distributor or eighteen months after the equipment is sent to an
International distributor.
1.
5 Years Parts — 3 Years Labor
*
*
2.
3 Years — Parts and Labor
*
*
*
*
*
*
*
3.
Original main power rectifiers
Inverters (input and output rectifiers only)
Transformer/Rectifier Power Sources
Plasma Arc Cutting Power Sources
Semi-Automatic and Automatic Wire Feeders
Inverter Power Supplies
Intellitig
Maxstar 150
Engine Driven Welding Generators
(NOTE: Engines are warranted separately by
the engine manufacturer.)
1 Year — Parts and Labor Unless Specified
*
*
*
*
*
*
*
*
*
*
*
*
*
*
*
*
*
*
DS-2 Wire Feeder
Motor Driven Guns (w/exception of Spoolmate
Spoolguns)
Process Controllers
Positioners and Controllers
Automatic Motion Devices
RFCS Foot Controls
Induction Heating Power Sources
Water Coolant Systems
Flowgauge and Flowmeter Regulators (No Labor)
HF Units
Grids
Maxstar 85, 140
Spot Welders
Load Banks
Racks
Running Gear/Trailers
Plasma Cutting Torches (except APT & SAF
Models)
Field Options
(NOTE: Field options are covered under True
Blue for the remaining warranty period of the
product they are installed in, or for a minimum of
one year — whichever is greater.)
4.
6 Months — Batteries
5.
90 Days — Parts
*
MIG Guns/TIG Torches
*
*
*
*
*
*
*
Induction Heating Coils and Blankets
APT & SAF Model Plasma Cutting Torches
Remote Controls
Accessory Kits
Replacement Parts (No labor)
Spoolmate Spoolguns
Canvas Covers
Miller’s True Blue Limited Warranty shall not apply to:
1.
Consumable components; such as contact tips,
cutting nozzles, contactors, brushes, slip rings,
relays or parts that fail due to normal wear.
(Exception: brushes, slip rings, and relays are
covered on Bobcat, Trailblazer, and Legend models.)
2.
Items furnished by Miller, but manufactured by others,
such as engines or trade accessories. These items are
covered by the manufacturer’s warranty, if any.
3.
Equipment that has been modified by any party other
than Miller, or equipment that has been improperly
installed, improperly operated or misused based upon
industry standards, or equipment which has not had
reasonable and necessary maintenance, or equipment
which has been used for operation outside of the
specifications for the equipment.
MILLER PRODUCTS ARE INTENDED FOR PURCHASE
AND USE BY COMMERCIAL/INDUSTRIAL USERS AND
PERSONS TRAINED AND EXPERIENCED IN THE USE
AND MAINTENANCE OF WELDING EQUIPMENT.
In the event of a warranty claim covered by this warranty, the
exclusive remedies shall be, at Miller’s option: (1) repair; or (2)
replacement; or, where authorized in writing by Miller in
appropriate cases, (3) the reasonable cost of repair or
replacement at an authorized Miller service station; or (4)
payment of or credit for the purchase price (less reasonable
depreciation based upon actual use) upon return of the goods
at customer’s risk and expense. Miller’s option of repair or
replacement will be F.O.B., Factory at Appleton, Wisconsin, or
F.O.B. at a Miller authorized service facility as determined by
Miller. Therefore no compensation or reimbursement for
transportation costs of any kind will be allowed.
TO THE EXTENT PERMITTED BY LAW, THE REMEDIES
PROVIDED HEREIN ARE THE SOLE AND EXCLUSIVE
REMEDIES. IN NO EVENT SHALL MILLER BE LIABLE FOR
DIRECT, INDIRECT, SPECIAL, INCIDENTAL OR
CONSEQUENTIAL DAMAGES (INCLUDING LOSS OF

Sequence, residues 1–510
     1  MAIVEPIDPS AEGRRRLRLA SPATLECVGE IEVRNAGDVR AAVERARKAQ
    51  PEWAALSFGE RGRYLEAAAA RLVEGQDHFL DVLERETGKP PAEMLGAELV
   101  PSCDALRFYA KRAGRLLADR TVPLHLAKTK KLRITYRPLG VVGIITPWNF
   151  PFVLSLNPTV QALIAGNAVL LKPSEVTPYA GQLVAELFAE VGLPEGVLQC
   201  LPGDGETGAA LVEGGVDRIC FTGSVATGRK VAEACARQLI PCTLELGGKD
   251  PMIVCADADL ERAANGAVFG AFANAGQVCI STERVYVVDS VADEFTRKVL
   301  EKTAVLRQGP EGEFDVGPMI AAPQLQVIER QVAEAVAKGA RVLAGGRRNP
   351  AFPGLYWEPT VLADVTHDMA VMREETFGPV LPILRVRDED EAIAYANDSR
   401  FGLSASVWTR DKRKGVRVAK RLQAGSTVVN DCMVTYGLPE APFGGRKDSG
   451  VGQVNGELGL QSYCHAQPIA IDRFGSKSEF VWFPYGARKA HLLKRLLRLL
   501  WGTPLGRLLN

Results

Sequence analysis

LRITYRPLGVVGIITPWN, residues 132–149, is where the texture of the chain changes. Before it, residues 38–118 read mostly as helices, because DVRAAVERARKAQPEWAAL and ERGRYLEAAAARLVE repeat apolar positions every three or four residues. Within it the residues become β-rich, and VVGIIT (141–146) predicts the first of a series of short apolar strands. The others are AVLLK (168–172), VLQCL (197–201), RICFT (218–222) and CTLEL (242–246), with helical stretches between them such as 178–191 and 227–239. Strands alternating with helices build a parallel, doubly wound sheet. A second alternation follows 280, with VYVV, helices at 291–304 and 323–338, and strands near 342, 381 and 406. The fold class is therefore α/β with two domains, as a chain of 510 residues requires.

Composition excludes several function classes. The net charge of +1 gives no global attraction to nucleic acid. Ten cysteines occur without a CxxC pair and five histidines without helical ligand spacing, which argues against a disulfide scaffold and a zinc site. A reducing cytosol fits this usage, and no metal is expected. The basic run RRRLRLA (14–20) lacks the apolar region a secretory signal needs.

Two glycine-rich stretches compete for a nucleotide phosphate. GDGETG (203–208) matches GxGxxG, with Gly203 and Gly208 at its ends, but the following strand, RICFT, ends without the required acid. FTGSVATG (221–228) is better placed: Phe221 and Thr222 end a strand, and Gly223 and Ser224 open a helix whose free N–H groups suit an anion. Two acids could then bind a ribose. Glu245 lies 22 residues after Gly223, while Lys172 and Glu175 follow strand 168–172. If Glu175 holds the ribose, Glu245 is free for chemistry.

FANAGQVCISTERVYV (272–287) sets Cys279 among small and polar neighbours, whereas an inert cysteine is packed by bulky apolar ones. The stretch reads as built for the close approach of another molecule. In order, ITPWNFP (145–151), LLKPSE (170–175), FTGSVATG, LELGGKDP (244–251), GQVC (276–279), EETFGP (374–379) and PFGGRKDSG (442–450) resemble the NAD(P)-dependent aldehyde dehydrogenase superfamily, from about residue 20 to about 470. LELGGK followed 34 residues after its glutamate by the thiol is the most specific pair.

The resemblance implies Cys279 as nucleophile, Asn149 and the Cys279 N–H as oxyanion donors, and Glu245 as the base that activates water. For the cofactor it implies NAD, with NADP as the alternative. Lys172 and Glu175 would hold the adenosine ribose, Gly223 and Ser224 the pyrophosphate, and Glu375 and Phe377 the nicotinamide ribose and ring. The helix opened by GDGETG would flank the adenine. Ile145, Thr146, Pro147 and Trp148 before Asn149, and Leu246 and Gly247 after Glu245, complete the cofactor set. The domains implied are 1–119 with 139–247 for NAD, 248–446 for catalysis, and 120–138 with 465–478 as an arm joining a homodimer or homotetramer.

PROFIT), WHETHER BASED ON CONTRACT, TORT OR
ANY OTHER LEGAL THEORY.
ANY EXPRESS WARRANTY NOT PROVIDED HEREIN
AND ANY IMPLIED WARRANTY, GUARANTY OR
REPRESENTATION AS TO PERFORMANCE, AND ANY
REMEDY FOR BREACH OF CONTRACT TORT OR ANY
OTHER LEGAL THEORY WHICH, BUT FOR THIS
PROVISION,
MIGHT
ARISE
BY
IMPLICATION,
OPERATION OF LAW, CUSTOM OF TRADE OR COURSE
OF DEALING, INCLUDING ANY IMPLIED WARRANTY OF
MERCHANTABILITY OR FITNESS FOR PARTICULAR
PURPOSE, WITH RESPECT TO ANY AND ALL
EQUIPMENT FURNISHED BY MILLER IS EXCLUDED AND
DISCLAIMED BY MILLER.
Some states in the U.S.A. do not allow limitations of how long
an implied warranty lasts, or the exclusion of incidental,
indirect, special or consequential damages, so the above
limitation or exclusion may not apply to you. This warranty
provides specific legal rights, and other rights may be
available, but may vary from state to state.
In Canada, legislation in some provinces provides for certain
additional warranties or remedies other than as stated herein,
and to the extent that they may not be waived, the limitations
and exclusions set out above may not apply. This Limited
Warranty provides specific legal rights, and other rights may
be available, but may vary from province to province.
miller_warr 8/03
Owner’s Record
Please complete and retain with your personal records.
Model Name
Serial/Style Number
Purchase Date
(Date which equipment was delivered to original customer.)
Distributor
Address
City
State
Zip
For Service
Call 1-800-4-A-Miller or see our website at www.MillerWelds.com
to locate a DISTRIBUTOR or SERVICE AGENCY near you.
Always provide Model Name and Serial/Style Number.
Contact your Distributor for:
Welding Supplies and Consumables
Options and Accessories
Personal Safety Equipment
Service and Repair
Miller Electric Mfg. Co.
An Illinois Tool Works Company
1635 West Spencer Street
Appleton, WI 54914 USA
Replacement Parts
Training (Schools, Videos, Books)
International Headquarters−USA
USA Phone: 920-735-4505 Auto-Attended
USA & Canada FAX: 920-735-4134
International FAX: 920-735-4125
Technical Manuals (Servicing Information
and Parts)
Circuit Diagrams
European Headquarters −
United Kingdom
Phone: 44 (0) 1204-593493
FAX: 44 (0) 1204-598066
Welding Process Handbooks
www.MillerWelds.com
Contact the Delivering Carrier to:
File a claim for loss or damage during
shipment.
For assistance in filing or settling claims, contact
your distributor and/or equipment manufacturer’s
Transportation Department.
PRINTED IN USA
 2003 Miller Electric Mfg. Co.
1/03
Was this manual useful for you? yes no
Thank you for your participation!

* Your assessment is very important for improving the work of artificial intelligence, which forms the content of this project

Download PDF

advertising